So we have reached day 500! – We hope that you are enjoying our orchids as much as we are.
For day 500 we have a wonderful restrepia that we haven’t had a chance to blog before. Restrepia condorensis is a small growing species with long thin flowers in a startling pinky-red and a real show stopper. The species is endemic to Ecuador and grows in cool wet forests with the conditions we replicate in our Cool Americas section.
We have noticed that restrepias are getting more and more common in collections and we love them partly because they flower frequently giving a real point of interest in the greenhouse, but also because they are easy to propagate by division or from leaf cuttings (put a leaf and its stem into a pot of moss and you will usually be rewarded with a new little plant)
This stately orchid has the typical features of a polystachya flower; it is non-resupinate (up-side-down), has large lateral sepals that form a hood, and has flowers that open in succession on a flower spike produced from the base of the single leaf that grows on a cylindrical pseudobulb.
The flowers are really worth a close look from underneath as this reveals the beautiful combinations of cream, green and red that are hiden from above.
Like most polystachyas this species is African and is found in Cameroon, Congo, Gabon, Ghana, Guinea, Ivory Coast, Liberia, Nigeria, Sierra Leone, Zaire and Angola. The broad distribution results in a wide range of colour forms. The species is native to hot lowland evergreen forests from 400-1000m altitude and so we grow plants in our Warm Asia section (we don’t have a Warm Africa section) in shade with a minimum of 17C.
Yesterday we had a remarkable large orchid species and today it is a small one. Pleurothallis amparoana is native to wet montane forest in Costa Rica and Panama from 1200 to 1800m altitude and is unusual in the extremely furry flowers. We grow the species with most of our Pleurothallids in Cool Americas and find it particularly enjoys a small basket where we can keep it damp all year but with good drainage.
We have always called this the furry toilet seat orchid as the flowers look remarkably like a toilet bowl with fur on the seat and the half open lid! – we would love a better name – any ideas?
Here on 365 days of orchids we tend to feature the orchids growing in the Writhlington/Mendip School glasshouses but of course lots of the Orchid Project team grow on windowsills too. These two coelogynes and been growing on my bathroom windowsill for the last couple of years and are flourishing – the window faces East and so gets morning sun only and the ceramic bottle is full of rain water from my greenhouse (so has food in too especially in the summer) As you can see the Coelogyne nitida is in full flower, the Coelogyne cristata flowered in February. The room is cool and the plants are watered every couple of days. The large coffee cups they grow in have been drilled with a small diamond core drill to give drainage.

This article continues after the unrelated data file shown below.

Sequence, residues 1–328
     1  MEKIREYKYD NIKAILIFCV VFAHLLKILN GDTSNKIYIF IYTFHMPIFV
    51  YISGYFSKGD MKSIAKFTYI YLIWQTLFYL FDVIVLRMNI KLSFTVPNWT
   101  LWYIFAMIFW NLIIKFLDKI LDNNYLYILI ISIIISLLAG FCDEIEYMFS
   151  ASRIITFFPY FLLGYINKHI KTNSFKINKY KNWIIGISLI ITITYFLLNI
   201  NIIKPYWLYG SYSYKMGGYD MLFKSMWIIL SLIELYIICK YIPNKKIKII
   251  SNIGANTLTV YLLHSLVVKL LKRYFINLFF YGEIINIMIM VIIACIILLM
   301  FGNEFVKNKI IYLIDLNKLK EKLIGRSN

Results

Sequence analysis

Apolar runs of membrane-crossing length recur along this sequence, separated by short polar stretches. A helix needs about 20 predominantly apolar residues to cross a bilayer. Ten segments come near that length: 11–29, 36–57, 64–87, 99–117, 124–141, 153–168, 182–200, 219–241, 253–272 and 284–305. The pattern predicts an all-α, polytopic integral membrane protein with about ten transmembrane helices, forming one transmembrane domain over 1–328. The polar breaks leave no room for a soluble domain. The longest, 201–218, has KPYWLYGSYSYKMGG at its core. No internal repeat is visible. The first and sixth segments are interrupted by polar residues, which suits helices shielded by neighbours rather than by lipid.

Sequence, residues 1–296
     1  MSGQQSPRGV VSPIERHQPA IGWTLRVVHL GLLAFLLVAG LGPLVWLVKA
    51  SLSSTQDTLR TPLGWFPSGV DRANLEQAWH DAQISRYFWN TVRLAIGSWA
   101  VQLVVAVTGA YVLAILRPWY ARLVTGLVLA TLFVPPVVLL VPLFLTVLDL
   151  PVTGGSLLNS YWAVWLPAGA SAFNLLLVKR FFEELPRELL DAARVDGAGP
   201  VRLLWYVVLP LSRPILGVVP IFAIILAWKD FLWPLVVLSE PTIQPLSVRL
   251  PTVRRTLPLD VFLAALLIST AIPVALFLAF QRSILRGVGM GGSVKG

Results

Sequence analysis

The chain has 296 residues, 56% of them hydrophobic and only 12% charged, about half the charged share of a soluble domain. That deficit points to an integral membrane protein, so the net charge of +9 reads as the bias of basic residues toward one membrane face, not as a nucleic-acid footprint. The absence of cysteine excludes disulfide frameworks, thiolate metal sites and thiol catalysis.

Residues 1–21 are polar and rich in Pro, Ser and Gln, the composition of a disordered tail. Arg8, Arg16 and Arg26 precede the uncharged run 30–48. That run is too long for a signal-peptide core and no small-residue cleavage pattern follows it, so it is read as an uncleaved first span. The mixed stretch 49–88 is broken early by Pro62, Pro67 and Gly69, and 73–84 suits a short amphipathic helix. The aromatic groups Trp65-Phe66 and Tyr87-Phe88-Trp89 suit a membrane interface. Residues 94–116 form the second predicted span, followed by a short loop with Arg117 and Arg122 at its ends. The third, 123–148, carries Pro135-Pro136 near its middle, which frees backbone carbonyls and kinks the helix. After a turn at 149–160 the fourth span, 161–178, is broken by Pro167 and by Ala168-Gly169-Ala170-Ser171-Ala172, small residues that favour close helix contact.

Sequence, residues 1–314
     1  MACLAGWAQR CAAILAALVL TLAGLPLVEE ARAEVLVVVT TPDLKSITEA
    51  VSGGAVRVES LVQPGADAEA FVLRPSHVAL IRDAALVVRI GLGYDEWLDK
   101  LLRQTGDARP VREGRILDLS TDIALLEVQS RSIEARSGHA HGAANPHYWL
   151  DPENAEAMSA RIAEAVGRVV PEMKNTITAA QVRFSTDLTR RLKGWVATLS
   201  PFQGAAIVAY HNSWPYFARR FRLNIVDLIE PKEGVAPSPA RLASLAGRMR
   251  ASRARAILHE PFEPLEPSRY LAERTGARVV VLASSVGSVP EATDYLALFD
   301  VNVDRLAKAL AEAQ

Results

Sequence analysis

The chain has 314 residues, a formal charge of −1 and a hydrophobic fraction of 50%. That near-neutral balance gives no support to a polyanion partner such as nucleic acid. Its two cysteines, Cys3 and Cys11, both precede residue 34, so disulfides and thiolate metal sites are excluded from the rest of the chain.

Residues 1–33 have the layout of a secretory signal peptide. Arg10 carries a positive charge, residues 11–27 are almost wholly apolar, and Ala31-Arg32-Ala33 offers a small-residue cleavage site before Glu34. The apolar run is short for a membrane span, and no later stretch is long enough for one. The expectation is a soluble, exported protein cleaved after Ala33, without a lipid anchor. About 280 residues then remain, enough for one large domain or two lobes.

Having these plants growing so well makes me think it would be nice to share photos of orchids on windowsills from some of our followers on the website/twitter/facebook. If you have a photo of your plants you would like to share please e-mail it with any details of culture to our website [email protected]
This huge orchid flower belongs to Sobralia macrantha, a species found from Mexico to Costa Rica where it grows as a terrestrial in leaf litter.
The plant is huge too with thin canes that grow to a height of around 1.5m with alternate dark green tough leaves and terminal flowers that open successively over a period of several weeks. The flowers are fragrant but only last two to three days.
The lip of flowers have a charming creased look from being all folded up in the bud but when fully open the flowers a about 20cm across and 25cm from top to bottom.
We grow our plants in pots of bark and moss to replicate the natural habitat in Central America and keep plants watered all year in our Warm Americas section where plants get a minimum if 15C and bright light.
Issy looks after this genus and calls Sobralia Macrantha, Samantha (obviously). Last year Issy pollinated Samantha and sowed the seed in our propagation lab where we now have several hundred of these marvellous orchids nearly ready to come out of flask.
Hannah and Issy with Samantha the Sobrailia macrantha and her first flowers of the summer.